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Deskbound: Standing Up to a Sitting World Hardcover – April 26, 2016
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While Starrett is best known for his work inside the gym, increasingly he’s discovered that many issues underlying injury and deceased performance are related to how people carry themselves in everyday life. Deskbound, offers a scathing critique of our modern environment, which he says encourages poor physical habits, as well as strategies to survive in it. - Outside Magazine
Still not sold on the idea that a desk job could kill you? This new in-depth look from Kelly Starrett, the co-founder of mobilitywod.com, could change that, Starrett makes a compelling case with scientific evidence- and presents a practical fix. - Muscle & Fitness
Kelly Starrett, physical therapist and author of the new book “Deskbound: Standing Up to a Sitting World” a guide that aims to mitigate back pains, carpal tunnel aches and myriad other ailments currently afflicting desk jockies worldwide....Science backs him up: A recent study published in the American Journal of Clinical Nutrition found that physical inactivity is a bigger risk factor in mortality than obesity. - New York Post
About the Author
Dr. Kelly Starrett is the author of the New York Times bestseller Becoming a Supple Leopard, which has revolutionized how coaches, athletes, and everyday humans approach movement and athletic performance. Dr. Starrett is a co-founder of San Francisco CrossFit and MobilityWOD.com, where he shares his innovative approach to movement, mechanics, and mobility with coaches and athletes. He travels around the world teaching his wildly popular Movement & Mobility Course and works with elite Army, Navy, Air Force, Marines, and Coast Guard forces; athletes from the NFL, NBA, NHL, and MLB; and national and world-ranked strength and power athletes. He consults with Olympic teams and universities and is a featured speaker at strength and conditioning conferences nationwide. Dr. Starrett’s work is not limited to coaches and athletes; his methods apply equally well to children, desk jockeys, and anyone dealing with injury and chronic pain. He believes that every human being should know how to move and be able to perform basic maintenance on themselves.
Juliet Starrett is an attorney, athlete, and entrepreneur. She is co-founder and CEO of San Francisco CrossFit and MobilityWOD.com. As a mother and co-founder of the nonprofit StandUp Kids, Juliet is committed to getting every public school child at a standing desk within 10 years in order to combat the epidemic of sedentary lifestyles. In her earlier life, Juliet was a professional athlete, paddling on the U.S. Extreme Whitewater Team from 1997 to 2000. She won two world championships and five national titles.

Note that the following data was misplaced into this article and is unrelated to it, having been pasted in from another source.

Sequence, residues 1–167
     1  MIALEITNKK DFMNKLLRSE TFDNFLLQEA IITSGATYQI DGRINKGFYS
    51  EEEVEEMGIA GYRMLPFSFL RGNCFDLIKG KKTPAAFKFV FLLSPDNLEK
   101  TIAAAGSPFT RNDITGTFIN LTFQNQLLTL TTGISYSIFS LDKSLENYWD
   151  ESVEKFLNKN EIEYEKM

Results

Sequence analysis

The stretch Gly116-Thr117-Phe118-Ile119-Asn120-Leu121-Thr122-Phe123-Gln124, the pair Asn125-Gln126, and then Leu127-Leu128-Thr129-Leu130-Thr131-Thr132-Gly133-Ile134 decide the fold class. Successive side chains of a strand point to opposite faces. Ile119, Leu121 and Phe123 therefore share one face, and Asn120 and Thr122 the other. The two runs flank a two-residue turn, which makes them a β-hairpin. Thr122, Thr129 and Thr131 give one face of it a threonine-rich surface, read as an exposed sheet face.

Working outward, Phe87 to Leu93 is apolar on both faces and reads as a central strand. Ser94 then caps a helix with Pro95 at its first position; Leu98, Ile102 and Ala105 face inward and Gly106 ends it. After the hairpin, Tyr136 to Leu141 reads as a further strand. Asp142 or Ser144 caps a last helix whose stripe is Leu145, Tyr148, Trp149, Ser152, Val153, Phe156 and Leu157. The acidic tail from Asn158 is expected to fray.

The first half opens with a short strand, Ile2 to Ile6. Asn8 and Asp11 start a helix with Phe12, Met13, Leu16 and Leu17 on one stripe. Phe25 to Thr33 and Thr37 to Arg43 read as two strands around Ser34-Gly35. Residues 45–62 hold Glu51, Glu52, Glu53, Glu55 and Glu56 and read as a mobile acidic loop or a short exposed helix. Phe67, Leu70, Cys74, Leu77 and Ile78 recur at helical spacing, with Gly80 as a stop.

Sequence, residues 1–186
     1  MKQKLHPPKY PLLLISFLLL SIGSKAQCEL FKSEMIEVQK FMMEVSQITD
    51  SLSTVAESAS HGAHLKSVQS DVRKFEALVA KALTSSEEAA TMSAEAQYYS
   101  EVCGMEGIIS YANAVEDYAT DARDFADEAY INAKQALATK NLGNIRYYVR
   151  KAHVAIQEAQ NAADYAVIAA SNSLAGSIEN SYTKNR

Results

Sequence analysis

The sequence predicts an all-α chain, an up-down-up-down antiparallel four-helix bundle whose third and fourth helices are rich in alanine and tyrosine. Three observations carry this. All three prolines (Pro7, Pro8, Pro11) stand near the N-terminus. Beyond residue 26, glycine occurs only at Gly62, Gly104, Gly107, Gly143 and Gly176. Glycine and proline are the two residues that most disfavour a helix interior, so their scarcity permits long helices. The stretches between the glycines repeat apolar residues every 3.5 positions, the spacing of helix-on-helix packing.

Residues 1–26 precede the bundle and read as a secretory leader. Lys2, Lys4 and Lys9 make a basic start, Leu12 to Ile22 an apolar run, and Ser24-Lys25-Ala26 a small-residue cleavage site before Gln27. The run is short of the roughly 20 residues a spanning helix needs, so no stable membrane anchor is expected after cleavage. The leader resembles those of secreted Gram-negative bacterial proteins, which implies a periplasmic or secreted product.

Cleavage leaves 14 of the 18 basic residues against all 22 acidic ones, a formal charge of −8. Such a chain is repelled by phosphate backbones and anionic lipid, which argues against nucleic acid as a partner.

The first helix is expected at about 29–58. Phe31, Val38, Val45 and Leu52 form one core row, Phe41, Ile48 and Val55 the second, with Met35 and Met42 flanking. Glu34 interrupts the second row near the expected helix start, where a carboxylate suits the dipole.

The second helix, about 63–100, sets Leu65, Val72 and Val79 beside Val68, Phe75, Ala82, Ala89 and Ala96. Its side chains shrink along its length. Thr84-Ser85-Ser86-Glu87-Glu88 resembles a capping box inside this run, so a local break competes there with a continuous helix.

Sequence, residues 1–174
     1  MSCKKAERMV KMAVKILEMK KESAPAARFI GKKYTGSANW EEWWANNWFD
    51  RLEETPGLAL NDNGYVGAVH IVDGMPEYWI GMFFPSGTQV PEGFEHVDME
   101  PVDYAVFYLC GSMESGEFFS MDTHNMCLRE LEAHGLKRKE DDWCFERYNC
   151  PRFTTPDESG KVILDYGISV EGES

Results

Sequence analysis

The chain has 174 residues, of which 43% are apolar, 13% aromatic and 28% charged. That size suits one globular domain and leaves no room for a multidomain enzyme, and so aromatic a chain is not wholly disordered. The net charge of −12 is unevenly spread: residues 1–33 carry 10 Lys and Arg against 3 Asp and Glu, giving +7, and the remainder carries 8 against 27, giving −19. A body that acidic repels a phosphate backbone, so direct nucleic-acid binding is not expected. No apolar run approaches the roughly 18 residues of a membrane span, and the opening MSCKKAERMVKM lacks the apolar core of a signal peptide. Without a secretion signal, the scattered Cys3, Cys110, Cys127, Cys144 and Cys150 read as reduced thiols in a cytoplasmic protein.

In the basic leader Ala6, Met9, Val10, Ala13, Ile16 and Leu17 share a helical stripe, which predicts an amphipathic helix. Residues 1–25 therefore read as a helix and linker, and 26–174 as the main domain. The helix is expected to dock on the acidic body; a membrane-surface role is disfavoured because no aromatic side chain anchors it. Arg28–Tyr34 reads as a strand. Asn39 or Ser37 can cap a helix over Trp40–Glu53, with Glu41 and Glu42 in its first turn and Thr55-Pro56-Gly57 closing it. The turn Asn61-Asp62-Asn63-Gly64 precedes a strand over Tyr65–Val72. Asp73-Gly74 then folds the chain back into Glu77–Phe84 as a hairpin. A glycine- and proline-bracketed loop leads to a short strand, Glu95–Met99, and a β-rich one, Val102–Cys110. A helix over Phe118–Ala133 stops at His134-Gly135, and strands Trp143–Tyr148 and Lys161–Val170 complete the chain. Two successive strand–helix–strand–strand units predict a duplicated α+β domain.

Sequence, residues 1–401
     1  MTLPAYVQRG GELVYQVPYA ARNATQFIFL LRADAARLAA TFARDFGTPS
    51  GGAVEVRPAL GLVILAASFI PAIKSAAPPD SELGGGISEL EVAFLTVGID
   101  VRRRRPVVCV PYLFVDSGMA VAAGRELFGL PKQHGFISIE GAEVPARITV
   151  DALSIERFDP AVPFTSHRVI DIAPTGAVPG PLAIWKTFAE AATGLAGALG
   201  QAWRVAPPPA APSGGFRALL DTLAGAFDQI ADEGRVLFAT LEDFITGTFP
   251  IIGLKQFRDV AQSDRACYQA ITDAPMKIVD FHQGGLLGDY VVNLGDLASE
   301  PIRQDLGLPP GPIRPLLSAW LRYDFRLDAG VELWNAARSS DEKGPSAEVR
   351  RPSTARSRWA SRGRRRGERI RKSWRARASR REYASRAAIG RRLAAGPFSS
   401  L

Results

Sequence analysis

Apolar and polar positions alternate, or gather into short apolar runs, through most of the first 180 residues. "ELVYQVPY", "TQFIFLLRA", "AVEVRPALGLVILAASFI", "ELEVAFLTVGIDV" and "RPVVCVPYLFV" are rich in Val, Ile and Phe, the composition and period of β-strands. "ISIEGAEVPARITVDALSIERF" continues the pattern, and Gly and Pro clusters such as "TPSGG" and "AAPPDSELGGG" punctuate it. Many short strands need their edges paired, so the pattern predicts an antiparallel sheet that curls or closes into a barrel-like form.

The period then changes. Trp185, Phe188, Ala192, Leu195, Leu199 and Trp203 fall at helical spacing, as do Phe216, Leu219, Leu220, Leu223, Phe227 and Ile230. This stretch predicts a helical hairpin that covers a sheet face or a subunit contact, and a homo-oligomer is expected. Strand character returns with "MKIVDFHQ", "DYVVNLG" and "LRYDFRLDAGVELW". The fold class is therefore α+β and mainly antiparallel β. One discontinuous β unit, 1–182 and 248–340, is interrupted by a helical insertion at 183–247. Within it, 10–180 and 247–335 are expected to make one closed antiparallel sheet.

Glen Cordoza is a New York Times and Wall Street Journal bestselling co-author of Becoming a Supple Leopard and a former professional mixed martial artist and Muay Thai boxer. He is one of the most published authors on the topics of MMA, Brazilian Jiu-Jitsu, Muay Thai, and general fitness, with 24 books to his credit.
Top customer reviews
Content is excellent. I've got the other books he wrote, they are very helpful and the amount of pain removed from my body makes it worth far more than I paid. About the only improvement I could suggest is more sketch overlays that indicate the area of focus, direction of motion, things like that. I sometimes have to re-read the text 4 or 5 times to try and figure out the motion implied in the photo or series of them. Sketch lines down the spine and arm or leg, little angle symbol or curved arrows help me to understand very well. I still give it a 5 because maybe I'm just a visual learner and need that kind of thing, maybe most people can just "get it" from the words.
The writing style just isn't for me. It's not bad, it's conversational, and I get why. This is not a textbook. (I think the content could be re-written as a most excellent one.) Repetition bugs me. I know I need to re-read things to understand. Seeing the same phrases written out over and again may help some people, but doesn't make understanding any easier for me. The foreshadowing is excessive, to me, in the beginning. I read the table of contents, I can kinda tell what's coming later. If I had a nickel every time I see the phrase "later in this book you will learn" I'd maybe have a free book. :) Ok, not really true, but read it enough times and it gets annoying. So, 2 pretty minor things that bug me personally and probably nobody else. I give it a 4, you may give it a 5, but this review is simply my opinion.